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Sheryl Sandberg on TED

In Uncategorized on August 2, 2011 at 2:21 pm

In a speech for TED, the chief operating officer of Facebook and former Vice-President of Global Online Sales and Operations at Google, Sheryl Sandberg, raises some interesting points about why men rise to the top in so many organizations and governments. Her speech is particularly interesting since she tries to look inside instead of blaming the usual “unequal society where women are just victims”. For instance, she talks about how women tend to attribute their success to external sources and men tend to attribute their success to themselves. How can you advance your career if you tell your employer that the great success you had was because of someone else?

Yes, Sheryl Sandberg is a brilliant woman as well as a productive and capable leader. I found her speech very inspiring and absorbing. You truly feel that she believes in what she says, by using amusing anecdotes that happened to her, she shows that even in the highest elite of the society- between Washington and Wall street- men keep forgeting the equality both gender deserve. I also thought her message was clear, intense and powerful. Women- in general- need to be more combative and go after what they want to find the opportunities and take them. “Work hard, stick with what you like, and don’t let go”.

Out of 190 heads of state; 9 are women.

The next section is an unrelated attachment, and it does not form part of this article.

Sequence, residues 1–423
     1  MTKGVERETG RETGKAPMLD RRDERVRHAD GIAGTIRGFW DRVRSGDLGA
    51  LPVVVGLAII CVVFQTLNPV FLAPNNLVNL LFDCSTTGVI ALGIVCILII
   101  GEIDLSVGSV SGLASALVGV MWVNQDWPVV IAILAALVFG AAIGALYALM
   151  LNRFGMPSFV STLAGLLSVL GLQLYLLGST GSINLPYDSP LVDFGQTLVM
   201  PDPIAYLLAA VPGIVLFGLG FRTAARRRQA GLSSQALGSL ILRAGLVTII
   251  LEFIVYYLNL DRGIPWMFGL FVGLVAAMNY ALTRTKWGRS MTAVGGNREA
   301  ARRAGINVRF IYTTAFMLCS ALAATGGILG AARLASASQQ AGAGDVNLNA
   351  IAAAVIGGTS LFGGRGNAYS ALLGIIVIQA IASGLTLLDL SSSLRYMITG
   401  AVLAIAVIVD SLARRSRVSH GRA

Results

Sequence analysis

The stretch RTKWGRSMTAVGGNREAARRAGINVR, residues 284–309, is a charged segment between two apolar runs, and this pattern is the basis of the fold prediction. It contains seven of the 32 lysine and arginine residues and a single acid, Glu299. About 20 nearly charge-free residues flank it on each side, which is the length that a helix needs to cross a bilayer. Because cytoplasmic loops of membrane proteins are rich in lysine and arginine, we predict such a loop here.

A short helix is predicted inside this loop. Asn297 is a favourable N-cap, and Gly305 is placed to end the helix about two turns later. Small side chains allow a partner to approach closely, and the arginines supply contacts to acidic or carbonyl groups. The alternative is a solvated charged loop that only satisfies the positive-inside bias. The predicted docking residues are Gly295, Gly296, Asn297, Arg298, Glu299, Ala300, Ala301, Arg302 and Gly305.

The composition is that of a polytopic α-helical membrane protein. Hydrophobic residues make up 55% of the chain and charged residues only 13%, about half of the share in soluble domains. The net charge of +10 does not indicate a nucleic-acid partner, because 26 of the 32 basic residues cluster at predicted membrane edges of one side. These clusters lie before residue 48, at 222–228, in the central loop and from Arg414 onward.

Of all the people in parliament in the world, 13% are women.

 In the corporate sector, women at the top (C-level jobs, board seats) tops out at 15- 16 %.

Sit at the table. She said that 57% of men entering the workforce negotiate their salaries, but that only 7% of women do likewise.

Make sure your partner is a real partner. On average, she said (at home) women do 2/3 of the housework and 3/4 of the child care.

Don’t leave before you leave. When a woman starts thinking of having children, “she doesn’t raise her hand anymore. . . . She starts leaning back.” In other words, if women don’t get the job they want before they take a break to have children, they often don’t come back.

When you blame someone else for keeping you back, you are accepting your powerlessness.

Before speaking at TED, Sandberg sent a draft of her speech to Gloria Steinem, who is a friend. Steinem described it to me as “terrific,” a “summary of what we both want—a world where half of homes are run by men, especially raising children, and half our institutions are run by women, especially armies.”

Source: The New Yorker- A Woman’s Place: Can Sheryl Sandberg upend Silicon Valley’s male-dominated culture? by Ken Auletta July 11, 2011

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